Scientists set to change definition of the kilogram

Scientists Will Vote Tomorrow to Change the Definition of Kilogram

Scientists Will Vote Tomorrow to Change the Definition of Kilogram

More than 50 nations unanimously approved changing an global measurement system to redefine the kilogramme, which measures mass, and a few other units including the ampere, kelvin and mole, at a meeting in Versailles.

The redefined kilo is expected to allow for more accurate measurements of extremely small or very huge masses as until now, the weight of a kilogramme could change over time due to factors like pollution and everyday wear and tear.

Currently, a kilo is defined by the weight of Le Grand K, a mix of 90 per cent platinum and 10 per cent iridium hailed as the "perfect" kilogram since the late 1800s. Today knowing that a kilogram is a kilogram is done with a set of worldwide prototype kilogram weights made from very hard metals like platinum, but even that isn't entirely accurate.

Other units that are set to be redefined include the ampere (electric current), the kelvin (heat) and the mole (particle numbers).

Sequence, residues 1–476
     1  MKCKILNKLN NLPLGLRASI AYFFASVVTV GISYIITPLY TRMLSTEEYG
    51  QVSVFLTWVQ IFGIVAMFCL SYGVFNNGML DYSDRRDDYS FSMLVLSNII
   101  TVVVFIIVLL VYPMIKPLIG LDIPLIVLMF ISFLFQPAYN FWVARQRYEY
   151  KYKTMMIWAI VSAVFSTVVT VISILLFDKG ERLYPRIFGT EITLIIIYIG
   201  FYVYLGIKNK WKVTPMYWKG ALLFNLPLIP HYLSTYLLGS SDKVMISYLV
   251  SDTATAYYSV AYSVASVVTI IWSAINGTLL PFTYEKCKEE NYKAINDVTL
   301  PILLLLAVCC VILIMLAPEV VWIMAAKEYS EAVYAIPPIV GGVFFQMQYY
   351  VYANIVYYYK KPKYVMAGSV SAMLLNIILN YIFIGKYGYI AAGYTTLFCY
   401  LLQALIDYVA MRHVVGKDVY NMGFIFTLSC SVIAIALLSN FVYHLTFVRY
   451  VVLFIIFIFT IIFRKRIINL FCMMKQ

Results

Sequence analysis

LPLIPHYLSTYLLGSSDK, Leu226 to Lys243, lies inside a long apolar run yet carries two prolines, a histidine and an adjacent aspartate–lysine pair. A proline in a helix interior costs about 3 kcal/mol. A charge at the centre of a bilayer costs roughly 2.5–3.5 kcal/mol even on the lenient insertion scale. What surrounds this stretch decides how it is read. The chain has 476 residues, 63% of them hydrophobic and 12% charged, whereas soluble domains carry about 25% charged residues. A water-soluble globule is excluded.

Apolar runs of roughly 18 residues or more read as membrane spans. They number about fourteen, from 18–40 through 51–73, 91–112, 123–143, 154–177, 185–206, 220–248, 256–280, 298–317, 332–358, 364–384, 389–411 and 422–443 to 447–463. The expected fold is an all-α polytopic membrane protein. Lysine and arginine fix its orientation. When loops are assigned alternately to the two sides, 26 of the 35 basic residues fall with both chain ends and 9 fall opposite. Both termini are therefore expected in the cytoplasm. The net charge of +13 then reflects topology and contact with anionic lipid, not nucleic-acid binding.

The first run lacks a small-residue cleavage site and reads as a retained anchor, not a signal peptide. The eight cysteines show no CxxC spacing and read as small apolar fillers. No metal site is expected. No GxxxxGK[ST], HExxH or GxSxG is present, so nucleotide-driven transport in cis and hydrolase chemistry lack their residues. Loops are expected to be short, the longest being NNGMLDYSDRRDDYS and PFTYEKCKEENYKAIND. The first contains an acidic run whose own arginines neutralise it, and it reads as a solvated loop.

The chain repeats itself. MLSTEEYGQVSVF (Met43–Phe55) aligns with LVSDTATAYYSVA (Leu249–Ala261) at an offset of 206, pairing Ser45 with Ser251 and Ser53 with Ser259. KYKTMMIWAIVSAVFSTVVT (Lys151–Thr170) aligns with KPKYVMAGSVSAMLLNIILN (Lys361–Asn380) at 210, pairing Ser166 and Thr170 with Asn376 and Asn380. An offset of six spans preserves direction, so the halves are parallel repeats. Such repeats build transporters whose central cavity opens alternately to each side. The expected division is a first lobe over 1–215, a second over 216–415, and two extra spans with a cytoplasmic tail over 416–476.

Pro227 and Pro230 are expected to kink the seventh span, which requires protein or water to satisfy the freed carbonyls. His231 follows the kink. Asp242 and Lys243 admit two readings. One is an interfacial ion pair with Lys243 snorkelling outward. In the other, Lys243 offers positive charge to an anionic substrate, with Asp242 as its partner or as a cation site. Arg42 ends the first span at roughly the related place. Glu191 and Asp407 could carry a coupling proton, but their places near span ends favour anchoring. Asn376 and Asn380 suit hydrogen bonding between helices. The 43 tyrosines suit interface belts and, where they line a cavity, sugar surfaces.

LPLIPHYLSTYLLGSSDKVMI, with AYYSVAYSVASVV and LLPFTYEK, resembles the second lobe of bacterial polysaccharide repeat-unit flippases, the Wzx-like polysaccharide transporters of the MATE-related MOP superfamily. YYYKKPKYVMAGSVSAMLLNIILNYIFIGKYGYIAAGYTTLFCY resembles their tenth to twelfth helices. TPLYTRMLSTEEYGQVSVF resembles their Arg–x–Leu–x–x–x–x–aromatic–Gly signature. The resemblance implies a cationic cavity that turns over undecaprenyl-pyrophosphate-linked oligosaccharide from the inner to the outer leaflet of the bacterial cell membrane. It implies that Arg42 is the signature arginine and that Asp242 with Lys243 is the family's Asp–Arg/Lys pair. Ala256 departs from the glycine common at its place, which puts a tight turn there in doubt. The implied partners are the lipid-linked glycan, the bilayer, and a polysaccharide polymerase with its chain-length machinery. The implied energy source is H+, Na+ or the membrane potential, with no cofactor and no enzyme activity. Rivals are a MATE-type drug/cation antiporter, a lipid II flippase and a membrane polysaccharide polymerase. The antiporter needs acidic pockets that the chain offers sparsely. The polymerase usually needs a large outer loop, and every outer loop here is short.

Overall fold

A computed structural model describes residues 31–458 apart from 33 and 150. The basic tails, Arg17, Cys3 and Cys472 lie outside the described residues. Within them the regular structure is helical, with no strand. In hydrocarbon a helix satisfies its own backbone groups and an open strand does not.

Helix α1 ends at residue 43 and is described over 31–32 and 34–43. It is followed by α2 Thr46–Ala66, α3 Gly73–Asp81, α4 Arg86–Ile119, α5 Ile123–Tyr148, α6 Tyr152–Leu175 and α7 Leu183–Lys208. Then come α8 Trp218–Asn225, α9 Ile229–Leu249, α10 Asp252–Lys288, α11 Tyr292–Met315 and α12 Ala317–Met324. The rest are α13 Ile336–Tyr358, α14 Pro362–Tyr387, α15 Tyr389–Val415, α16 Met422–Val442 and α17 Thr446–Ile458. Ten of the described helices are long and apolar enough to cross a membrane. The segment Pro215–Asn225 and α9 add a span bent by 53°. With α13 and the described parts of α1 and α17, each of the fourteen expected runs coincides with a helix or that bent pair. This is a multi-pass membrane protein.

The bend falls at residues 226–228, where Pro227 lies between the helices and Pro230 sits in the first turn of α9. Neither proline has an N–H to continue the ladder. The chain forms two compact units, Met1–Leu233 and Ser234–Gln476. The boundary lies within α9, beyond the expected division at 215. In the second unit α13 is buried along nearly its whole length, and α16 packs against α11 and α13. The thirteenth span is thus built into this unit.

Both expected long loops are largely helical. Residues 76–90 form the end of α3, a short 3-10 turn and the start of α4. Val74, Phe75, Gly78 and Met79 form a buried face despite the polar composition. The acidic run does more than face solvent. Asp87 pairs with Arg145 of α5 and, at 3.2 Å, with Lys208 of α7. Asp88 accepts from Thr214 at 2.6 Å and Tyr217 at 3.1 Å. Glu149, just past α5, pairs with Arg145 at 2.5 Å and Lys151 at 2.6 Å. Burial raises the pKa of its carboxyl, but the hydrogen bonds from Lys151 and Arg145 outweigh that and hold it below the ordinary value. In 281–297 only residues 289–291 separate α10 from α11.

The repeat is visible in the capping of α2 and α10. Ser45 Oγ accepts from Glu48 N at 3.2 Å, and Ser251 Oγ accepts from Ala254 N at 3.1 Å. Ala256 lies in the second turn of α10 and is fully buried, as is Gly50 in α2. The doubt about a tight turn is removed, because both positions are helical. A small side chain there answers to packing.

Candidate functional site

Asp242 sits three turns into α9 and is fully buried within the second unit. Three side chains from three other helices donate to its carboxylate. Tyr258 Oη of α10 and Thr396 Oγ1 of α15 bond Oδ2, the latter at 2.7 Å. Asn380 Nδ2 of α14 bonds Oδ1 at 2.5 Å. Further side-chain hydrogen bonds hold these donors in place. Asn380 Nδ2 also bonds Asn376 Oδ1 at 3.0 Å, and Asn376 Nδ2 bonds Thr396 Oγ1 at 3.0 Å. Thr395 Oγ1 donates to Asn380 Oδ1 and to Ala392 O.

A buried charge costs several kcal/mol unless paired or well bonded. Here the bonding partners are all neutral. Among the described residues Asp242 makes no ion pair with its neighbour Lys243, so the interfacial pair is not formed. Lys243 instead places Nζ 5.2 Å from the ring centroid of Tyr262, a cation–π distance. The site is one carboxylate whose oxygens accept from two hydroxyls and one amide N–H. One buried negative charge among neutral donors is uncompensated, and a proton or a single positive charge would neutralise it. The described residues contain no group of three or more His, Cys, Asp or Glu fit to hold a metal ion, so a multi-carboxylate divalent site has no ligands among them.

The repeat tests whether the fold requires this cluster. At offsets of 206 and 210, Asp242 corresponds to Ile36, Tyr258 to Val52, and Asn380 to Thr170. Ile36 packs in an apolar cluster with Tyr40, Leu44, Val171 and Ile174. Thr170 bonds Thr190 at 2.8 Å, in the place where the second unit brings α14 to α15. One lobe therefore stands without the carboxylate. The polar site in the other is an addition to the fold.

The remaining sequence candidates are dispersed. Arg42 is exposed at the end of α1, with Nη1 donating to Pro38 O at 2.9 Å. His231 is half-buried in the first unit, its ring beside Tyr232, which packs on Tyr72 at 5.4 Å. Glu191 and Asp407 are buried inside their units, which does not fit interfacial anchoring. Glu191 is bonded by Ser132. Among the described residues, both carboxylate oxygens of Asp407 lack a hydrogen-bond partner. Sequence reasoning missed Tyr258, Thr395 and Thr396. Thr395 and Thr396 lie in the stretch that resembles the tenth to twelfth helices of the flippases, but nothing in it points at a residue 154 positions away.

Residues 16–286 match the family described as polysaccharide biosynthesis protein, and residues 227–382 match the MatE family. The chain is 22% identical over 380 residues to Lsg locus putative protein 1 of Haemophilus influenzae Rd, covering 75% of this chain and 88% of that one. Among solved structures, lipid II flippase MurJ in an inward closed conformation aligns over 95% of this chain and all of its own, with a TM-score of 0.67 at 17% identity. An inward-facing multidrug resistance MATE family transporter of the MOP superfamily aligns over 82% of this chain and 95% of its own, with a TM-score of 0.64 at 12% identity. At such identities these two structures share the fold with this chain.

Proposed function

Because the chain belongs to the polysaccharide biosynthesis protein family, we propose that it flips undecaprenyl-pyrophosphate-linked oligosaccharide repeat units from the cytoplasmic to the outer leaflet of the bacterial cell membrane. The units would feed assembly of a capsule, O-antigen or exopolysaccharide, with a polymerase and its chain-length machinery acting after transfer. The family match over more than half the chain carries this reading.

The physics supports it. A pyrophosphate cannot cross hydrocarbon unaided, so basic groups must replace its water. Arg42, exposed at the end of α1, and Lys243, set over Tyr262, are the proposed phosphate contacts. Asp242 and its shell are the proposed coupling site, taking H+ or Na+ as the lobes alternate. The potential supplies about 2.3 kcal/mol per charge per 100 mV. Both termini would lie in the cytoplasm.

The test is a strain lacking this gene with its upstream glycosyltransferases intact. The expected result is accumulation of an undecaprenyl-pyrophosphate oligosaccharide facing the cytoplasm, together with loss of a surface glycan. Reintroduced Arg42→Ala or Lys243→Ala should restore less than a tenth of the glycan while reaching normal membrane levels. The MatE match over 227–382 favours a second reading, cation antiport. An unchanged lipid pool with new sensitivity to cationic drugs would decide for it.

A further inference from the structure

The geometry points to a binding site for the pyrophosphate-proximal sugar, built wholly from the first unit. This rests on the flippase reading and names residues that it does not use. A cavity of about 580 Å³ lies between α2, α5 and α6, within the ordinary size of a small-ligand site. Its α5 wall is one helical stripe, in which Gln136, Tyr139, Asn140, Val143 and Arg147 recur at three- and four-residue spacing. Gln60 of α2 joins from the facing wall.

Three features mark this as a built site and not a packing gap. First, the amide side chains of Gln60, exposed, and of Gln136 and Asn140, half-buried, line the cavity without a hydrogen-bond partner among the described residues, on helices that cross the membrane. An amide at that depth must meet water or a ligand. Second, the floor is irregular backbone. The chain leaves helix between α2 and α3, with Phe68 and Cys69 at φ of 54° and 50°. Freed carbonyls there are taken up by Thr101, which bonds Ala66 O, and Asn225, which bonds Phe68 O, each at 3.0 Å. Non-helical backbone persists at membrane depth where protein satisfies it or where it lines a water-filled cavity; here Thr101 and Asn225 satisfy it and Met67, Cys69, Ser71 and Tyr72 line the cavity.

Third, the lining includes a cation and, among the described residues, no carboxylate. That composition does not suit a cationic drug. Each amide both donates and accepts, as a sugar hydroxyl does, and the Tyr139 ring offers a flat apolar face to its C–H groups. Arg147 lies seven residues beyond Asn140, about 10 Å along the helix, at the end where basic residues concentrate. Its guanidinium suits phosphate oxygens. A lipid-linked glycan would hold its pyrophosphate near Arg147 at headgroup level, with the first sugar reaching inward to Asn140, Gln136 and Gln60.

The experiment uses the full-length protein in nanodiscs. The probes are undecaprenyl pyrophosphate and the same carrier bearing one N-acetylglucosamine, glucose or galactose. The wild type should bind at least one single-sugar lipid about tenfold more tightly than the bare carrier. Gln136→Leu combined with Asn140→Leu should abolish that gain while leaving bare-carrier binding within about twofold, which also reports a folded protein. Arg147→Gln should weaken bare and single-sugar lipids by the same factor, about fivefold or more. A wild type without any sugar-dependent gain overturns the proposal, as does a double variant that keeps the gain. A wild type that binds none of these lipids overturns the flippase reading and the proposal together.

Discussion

World scientists for whom the update represents decades of work clapped, cheered and even wept as the 50-plus nations one by one said "yes" or "oui" to the update.

For the average person, however, the new definition shouldn't make much of a difference. Bathroom scales won't suddenly get kinder and kilos and grams won't change in supermarkets.

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Nations gathered in Versailles, west of Paris, instead approved the use of a scientific formula to define the exact weight of a kilogram.

The Grand K and its six official copies, kept together in the same safe on the edge of Paris and collectively known as the "heir and the spares", will be retired but not forgotten.

Unlike the old physical measurement, the new "electric kilo" formula can not accumulate particles of dust and pollution, decay over a period of time time, or be dropped and damaged.

The bureau is the guardian of the system, as well as of Le Grand K and its copies, which are stored in a vault that requires three keys, kept by three different people, to unlock. Scientists want to keep studying them to see whether their masses decay over time.

The metal kilo is being replaced by a definition based on Planck's constant, which is part of one of the most celebrated equations in physics but also devilishly hard to explain.

So the scientists gathered Friday at the General Conference on Weights and Measures chose to retire Le Grand K and move on to something that couldn't be changed: the mathematical concept known as Planck's constant.

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